This title may sound like the one of an episode of the famous geeky sitcom The Big Bang Theory but it is not; it is in fact a far more interesting albeit less fun debate. First of all I want to make clear this post isn’t an attempt to further bash Dr. Schön err I mean Mr. Schön (sorry, I couldn’t help it) but the entire debate raises some interesting questions, specially those regarding the recent outcome of the controversy as well as the forthcoming aftermath, that are worth asking and of course, with some luck, answering.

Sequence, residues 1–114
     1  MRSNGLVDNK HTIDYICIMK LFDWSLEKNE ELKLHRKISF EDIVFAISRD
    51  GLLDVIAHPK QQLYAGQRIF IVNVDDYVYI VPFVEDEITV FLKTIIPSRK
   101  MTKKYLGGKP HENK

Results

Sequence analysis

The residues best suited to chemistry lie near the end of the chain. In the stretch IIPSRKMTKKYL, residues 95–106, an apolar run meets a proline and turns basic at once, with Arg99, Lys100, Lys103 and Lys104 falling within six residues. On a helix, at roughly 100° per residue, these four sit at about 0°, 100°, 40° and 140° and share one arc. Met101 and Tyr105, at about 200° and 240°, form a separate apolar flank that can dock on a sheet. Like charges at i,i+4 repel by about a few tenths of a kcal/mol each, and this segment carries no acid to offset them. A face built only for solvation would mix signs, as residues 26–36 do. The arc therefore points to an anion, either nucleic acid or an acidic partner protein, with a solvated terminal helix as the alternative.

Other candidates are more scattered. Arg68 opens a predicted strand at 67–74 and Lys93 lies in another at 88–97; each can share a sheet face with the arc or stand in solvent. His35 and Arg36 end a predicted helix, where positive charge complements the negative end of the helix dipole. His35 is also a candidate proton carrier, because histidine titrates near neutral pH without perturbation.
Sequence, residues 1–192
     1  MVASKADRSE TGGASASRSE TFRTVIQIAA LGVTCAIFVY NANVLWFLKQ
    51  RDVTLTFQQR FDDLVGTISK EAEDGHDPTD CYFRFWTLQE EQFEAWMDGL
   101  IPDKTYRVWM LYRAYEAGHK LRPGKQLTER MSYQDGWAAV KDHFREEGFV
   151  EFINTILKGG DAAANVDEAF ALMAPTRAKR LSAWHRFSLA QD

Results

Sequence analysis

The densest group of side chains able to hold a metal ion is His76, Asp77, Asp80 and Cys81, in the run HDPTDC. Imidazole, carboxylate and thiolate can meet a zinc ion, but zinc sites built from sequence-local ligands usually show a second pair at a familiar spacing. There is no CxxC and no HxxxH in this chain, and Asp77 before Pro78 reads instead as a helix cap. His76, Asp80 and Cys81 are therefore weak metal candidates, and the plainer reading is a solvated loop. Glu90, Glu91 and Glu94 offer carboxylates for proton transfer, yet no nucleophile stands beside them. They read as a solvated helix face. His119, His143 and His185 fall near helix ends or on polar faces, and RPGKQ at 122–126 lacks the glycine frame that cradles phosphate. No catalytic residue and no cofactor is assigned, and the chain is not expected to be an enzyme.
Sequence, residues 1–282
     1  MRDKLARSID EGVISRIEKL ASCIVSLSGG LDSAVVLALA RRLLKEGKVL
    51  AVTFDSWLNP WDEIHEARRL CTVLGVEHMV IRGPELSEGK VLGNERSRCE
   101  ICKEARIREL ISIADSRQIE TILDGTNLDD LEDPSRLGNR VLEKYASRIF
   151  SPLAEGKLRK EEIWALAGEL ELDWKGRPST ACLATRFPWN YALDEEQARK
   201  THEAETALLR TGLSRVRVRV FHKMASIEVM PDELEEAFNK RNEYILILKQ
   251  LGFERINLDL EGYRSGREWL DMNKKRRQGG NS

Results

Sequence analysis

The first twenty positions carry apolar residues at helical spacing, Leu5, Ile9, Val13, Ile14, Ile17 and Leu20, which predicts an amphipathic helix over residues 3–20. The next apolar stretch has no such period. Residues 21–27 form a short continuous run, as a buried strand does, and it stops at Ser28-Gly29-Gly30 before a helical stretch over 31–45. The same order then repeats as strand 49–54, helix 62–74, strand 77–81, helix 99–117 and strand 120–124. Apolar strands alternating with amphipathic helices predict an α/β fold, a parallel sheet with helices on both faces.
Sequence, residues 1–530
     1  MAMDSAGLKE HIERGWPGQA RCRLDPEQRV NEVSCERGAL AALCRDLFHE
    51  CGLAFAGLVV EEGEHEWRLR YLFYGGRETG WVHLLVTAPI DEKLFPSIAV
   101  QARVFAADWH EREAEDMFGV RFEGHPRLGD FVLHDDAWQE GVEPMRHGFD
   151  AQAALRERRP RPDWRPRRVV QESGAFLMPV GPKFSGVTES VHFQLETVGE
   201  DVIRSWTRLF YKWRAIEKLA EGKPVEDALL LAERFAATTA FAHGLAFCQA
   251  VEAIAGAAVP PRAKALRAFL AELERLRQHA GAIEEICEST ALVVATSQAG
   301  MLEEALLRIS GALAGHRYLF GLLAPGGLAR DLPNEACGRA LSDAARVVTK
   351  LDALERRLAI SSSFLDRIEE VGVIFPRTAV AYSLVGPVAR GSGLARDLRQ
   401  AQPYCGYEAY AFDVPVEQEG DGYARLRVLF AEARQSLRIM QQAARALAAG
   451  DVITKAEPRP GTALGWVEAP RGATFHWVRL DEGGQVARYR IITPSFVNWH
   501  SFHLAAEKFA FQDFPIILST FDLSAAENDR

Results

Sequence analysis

A little background first: Jan Hendrik Schön (Germany, 1970) got a PhD in physics at the prestigious Konstanz University in his homeland; after that he got a job as a researcher at the even more prestigious Bell Laboratories located in New Jersey USA, where he made groundbreaking discoveries on conductivity, superconductivity, organic conductors and semiconductors. Ironically enough, his conduct was his doom (Sorry again, I couldn’t help this one either. ) Between 2001 and 2002 he published more than 60 scientific papers on these topics, 15 or so of which were published in Science and Nature. Similarities in the graphs led to other scientists to believe the data could have been manipulated which turned out to be the case! Little by little, both journals Science and Nature, as well as other important journals like Physical Review and Applied Physics Letters withdrew some of his papers; others remain under further investigation for their possible withdrawal. Dr. Jan Schön eventually had to come clean and confess his lack of scientific rigor and misbehavior. This and him being fired from Bell Labs could have been the end of the story but in no way was near it. In 2004 the University of Konstanz decided to withdraw his PhD degree to which Dr. Schön appealed on the grounds that his thesis work was performed without any data manipulation or any other sort of ethical misconduct on his part; finally today after seven years of back and forth lawsuits and appeals the state court ruled against him and the university stripped him from his degree. Dr. Schön is now Mr. Schön. Further details (since this post does not intend to be a repository of others nor to just inform you about the entire gossip) can be found in this Wikipedia article.